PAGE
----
For Immediate Release
MAYS LANDING, N.J. - Atlantic
City Electric (ACE), in collaboration with the Conserve Wildlife Foundation of New Jersey,
recently held an Avian
Protection Educational Event to promote a better understanding of how Atlantic
City Electric helps protect birds and other animals, while also helping improve
electric service reliability for customers.
ACE environmental scientists Cristina Frank
and Mike Garrity detailed the various types of migratory and breeding birds
that may perch or nest on power lines, including ospreys, which frequently nest
on utility poles. They discussed various types of devices placed on wires and
other infrastructure designed to minimize the risk of birds and other wildlife
from coming in contact with electric wires and equipment.
"Hundreds of thousands of birds migrate through
Cape May County each year," said Cristina Frank, lead environmental scientist,
Atlantic City Electric and head of the company's Avian Protection Program. "We
conduct field studies to determine areas throughout Cape May County and our
entire service territory to determine which areas are of the greatest risk to
birds and other wildlife."
ACE senior supervising engineer Ed Kaminski
explained how avian protection is an integral part of the design phase before
constructing any new infrastructure projects or upgrading existing
"We are in constant communication with our
environmental team, and, when necessary, we'll enhance our infrastructure to
minimize the risk to birds while helping reduce the number of related power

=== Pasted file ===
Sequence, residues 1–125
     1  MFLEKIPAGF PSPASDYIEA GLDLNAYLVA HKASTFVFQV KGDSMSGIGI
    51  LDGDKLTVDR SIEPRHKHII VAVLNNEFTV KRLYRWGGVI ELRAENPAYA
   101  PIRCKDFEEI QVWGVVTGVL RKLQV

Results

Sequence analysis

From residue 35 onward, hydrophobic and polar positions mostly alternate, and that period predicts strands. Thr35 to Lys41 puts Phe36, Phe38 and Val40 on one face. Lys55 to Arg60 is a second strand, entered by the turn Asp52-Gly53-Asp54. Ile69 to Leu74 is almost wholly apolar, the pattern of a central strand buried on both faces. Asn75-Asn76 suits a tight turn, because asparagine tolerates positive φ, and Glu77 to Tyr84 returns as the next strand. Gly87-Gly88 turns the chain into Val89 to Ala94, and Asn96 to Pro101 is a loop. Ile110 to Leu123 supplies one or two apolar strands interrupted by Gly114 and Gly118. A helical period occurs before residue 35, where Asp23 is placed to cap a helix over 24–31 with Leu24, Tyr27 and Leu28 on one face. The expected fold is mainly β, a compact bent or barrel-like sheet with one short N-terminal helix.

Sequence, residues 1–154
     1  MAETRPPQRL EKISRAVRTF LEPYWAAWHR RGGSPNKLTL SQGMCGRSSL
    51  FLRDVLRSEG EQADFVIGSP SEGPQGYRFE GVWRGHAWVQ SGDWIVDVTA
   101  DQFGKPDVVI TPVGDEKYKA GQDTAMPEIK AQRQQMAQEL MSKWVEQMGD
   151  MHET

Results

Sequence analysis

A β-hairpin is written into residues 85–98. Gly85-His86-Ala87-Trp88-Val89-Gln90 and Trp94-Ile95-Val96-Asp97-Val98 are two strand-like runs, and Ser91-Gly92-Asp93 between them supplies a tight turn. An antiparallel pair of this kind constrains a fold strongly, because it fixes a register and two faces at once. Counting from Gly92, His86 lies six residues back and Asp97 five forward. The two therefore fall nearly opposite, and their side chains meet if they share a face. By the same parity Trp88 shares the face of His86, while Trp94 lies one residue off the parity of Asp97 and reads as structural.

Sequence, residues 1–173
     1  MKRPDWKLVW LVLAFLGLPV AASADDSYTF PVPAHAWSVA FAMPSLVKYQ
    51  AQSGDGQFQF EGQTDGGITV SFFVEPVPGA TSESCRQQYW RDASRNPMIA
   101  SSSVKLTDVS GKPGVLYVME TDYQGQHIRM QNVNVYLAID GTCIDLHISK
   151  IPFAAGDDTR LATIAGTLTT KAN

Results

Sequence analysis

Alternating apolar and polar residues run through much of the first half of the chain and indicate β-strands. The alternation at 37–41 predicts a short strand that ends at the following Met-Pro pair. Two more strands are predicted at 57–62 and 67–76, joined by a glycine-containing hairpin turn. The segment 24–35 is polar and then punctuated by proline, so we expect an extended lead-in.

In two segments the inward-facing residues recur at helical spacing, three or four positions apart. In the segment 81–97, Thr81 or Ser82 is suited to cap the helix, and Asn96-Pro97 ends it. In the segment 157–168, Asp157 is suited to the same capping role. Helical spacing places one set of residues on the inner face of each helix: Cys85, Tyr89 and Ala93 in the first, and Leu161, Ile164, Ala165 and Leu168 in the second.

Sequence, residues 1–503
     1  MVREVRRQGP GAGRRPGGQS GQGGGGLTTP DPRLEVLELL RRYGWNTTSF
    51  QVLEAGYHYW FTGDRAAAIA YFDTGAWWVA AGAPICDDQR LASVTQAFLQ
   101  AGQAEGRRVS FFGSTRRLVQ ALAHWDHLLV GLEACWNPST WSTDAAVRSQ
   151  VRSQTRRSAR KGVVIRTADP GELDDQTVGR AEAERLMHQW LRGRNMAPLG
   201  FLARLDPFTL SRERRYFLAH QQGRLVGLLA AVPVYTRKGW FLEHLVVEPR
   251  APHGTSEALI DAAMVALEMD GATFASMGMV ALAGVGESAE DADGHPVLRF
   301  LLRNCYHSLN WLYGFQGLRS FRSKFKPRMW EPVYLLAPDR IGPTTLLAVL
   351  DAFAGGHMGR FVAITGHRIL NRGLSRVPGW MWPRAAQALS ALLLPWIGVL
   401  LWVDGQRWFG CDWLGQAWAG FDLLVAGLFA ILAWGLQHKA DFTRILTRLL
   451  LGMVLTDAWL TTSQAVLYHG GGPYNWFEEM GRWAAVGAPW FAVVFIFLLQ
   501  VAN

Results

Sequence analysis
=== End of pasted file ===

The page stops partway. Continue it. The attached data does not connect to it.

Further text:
outages to create a more reliable electric system for customers," Kaminski said.
Atlantic City Electric recently completed
infrastructure enhancements in Cape May, Ocean City and Strathmere, N.J., that
addressed risks to avian wildlife. As a result, the company has not seen any bird-related
incidents since in these areas.
Also as part of the event, Ben Wurst, a wildlife biologist with the
Conserve Wildlife Foundation of New Jersey, discussed the foundation's role in
helping manage and protect ospreys through man-made nesting platforms that
provide a safer nesting alternative than utility poles. ACE partners with
Conserve Wildlife to identify and address risks to birds throughout its service
Birds routinely use power line poles and
towers as perches to establish territorial boundaries, nest, hunt, rest, find
shade and feed. Utility poles often provide perching or nesting opportunities
in areas where few natural perches or nest sites can be found. If the
configuration and location of utility structures are in areas where birds are
attracted by favorable habitat or are in a migratory path, the chance of
electrocution and/or collisions increase.
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